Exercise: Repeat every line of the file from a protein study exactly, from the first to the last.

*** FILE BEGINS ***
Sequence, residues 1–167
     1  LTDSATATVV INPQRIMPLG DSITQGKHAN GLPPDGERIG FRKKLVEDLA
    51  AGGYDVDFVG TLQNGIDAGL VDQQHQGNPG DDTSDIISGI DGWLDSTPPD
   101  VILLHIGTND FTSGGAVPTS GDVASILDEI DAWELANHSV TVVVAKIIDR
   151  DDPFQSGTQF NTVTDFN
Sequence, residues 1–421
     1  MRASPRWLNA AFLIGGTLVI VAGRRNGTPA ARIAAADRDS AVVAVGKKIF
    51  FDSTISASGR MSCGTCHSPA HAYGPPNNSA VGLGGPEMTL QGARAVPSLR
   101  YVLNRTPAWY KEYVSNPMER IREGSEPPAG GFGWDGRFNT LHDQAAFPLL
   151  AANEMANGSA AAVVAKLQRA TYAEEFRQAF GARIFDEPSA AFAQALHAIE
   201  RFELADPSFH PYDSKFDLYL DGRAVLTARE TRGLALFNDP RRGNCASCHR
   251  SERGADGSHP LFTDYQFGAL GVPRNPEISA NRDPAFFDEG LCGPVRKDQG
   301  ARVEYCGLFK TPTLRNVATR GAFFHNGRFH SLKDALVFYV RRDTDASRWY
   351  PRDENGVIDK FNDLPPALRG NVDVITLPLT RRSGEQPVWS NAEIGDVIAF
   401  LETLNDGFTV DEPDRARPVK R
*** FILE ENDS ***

Sequence, residues 1–167
     1  LTDSATATVV INPQRIMPLG DSITQGKHAN GLPPDGERIG FRKKLVEDLA
    51  AGGYDVDFVG TLQNGIDAGL VDQQHQGNPG DDTSDIISGI DGWLDSTPPD
   101  VILLHIGTND FTSGGAVPTS GDVASILDEI DAWELANHSV TVVVAKIIDR
   151  DDPFQSGTQF NTVTDFN
Sequence, residues 1–421
     1  MRASPRWLNA AFLIGGTLVI VAGRRNGTPA ARIAAADRDS AVVAVGKKIF
    51  FDSTISASGR MSCGTCHSPA HAYGPPNNSA VGLGGPEMTL QGARAVPSLR
   101  YVLNRTPAWY KEYVSNPMER IREGSEPPAG GFGWDGRFNT LHDQAAFPLL
   151  AANEMANGSA AAVVAKLQRA TYAEEFRQAF GARIFDEPSA AFAQALHAIE
   201  RFELADPSFH PYDSKFDLYL DGRAVLTARE TRGLALFNDP RRGNCASCHR
   251  SERGADGSHP LFTDYQFGAL GVPRNPEISA NRDPAFFDEG LCGPVRKDQG
   301  ARVEYCGLFK TPTLRNVATR GAFFHNGRFH SLKDALVFYV RRDTDASRWY
   351  PRDENGVIDK FNDLPPALRG NVDVITLPLT RRSGEQPVWS NAEIGDVIAF
   401  LETLNDGFTV DEPDRARPVK R